The second most senior executive at the Reserve Bank, Deputy Governor Ric Battellino, has made it very clear that interest rates are going to fall, and the central bank expects the country’s banks to fall into line very quickly.
The rate cut will come on 2 September and its now just a question of how much: 0.25% or 0.50%. The smaller sized cut is the cautious RBA style; the 0.50% cut is one that would force all banks to cut, but also give the bank room to sit until the end of the year before looking at rates again.
In comments to the House of Representatives Standing Committee on Economic inquiry on bank competition in Sydney this morning, Mr Battellino said:
We cannot wait to see a fall in inflation before we start cutting rates because by then it would be too late. We try to be pre-emptive when we start tightening and pre-emptive when we start easing. We set about to bring inflation back within the central bank’s target band of 2 percent to 3 percent. We’re confident we’re on that path. That’s why we’re in a position to respond on interest rates.
The bank said in its Monetary Policy Statement for the third quarter, released on Monday, that it saw inflation falling below 3% in mid to late 2010. The level of comments on rates, and the almost direct “yes rates will fall” approach evident in these comments is almost unprecedented from the central bank.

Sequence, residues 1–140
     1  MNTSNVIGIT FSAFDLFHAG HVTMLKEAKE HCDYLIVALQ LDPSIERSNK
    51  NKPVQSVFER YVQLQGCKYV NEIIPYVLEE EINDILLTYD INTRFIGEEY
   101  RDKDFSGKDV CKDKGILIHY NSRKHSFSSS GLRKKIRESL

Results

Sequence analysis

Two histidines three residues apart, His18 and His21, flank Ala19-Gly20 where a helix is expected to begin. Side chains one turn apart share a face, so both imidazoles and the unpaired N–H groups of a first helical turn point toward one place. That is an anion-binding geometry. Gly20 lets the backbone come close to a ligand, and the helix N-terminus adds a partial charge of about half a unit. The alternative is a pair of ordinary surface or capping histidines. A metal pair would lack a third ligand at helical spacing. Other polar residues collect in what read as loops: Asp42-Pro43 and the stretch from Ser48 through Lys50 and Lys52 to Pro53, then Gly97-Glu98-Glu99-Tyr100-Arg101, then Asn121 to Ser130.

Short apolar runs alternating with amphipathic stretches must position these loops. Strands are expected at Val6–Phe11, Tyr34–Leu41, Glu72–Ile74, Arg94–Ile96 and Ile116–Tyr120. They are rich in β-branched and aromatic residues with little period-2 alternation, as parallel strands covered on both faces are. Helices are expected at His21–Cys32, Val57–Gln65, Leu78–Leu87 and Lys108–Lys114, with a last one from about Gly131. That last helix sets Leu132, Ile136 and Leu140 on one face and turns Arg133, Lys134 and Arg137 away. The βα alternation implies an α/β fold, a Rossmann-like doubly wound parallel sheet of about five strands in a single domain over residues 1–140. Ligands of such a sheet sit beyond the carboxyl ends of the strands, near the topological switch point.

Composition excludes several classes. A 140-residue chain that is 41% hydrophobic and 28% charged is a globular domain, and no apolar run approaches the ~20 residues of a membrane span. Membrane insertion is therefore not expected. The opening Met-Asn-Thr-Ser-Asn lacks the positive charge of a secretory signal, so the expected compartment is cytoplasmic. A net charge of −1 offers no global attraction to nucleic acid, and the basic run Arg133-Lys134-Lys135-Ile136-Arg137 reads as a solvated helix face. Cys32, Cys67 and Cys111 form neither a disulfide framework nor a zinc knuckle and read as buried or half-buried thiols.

If Mr Battellino’s comments had been made a year ago, they would have caused a sensation as there was no post meeting statement, except where rates were cut or increased and there was certainly no release of the minutes. We would have had no way of knowing what the RBA’s current thinking was, except by “strategic” leak to media members on the drip.
What is also unprecedented is the “jawboning” of the banks to cut rates.
Assistant Governor Phil Lowe laid out a very detailed case as to why our banks had no financial strains and were very profitable and highly rated, and therefore in a position to cut rates because market rates had eased as the strains of the credit crunch dissipated, at least in Australia.
Today Mr Battellino continued the attack, revealing he thought the worst of the crunch was now over (the RBA has thought that now for several months, apparently). He again pointed out how profitable the Australian banks were:
When we look at bank profitability, we find that Australian banks are around the top of the international range. On the surface, this could indicate a lesser degree of competition than elsewhere. But when we look a bit deeper it seems that an important reason for the high profitability of Australian banks is their unusually low bad debt experience.
It’s going to be impossible for the banks to not cut rates now: their stupidity and sidestepping over the past fortnight has seen them outflanked by the RBA in a way that is a delight to see.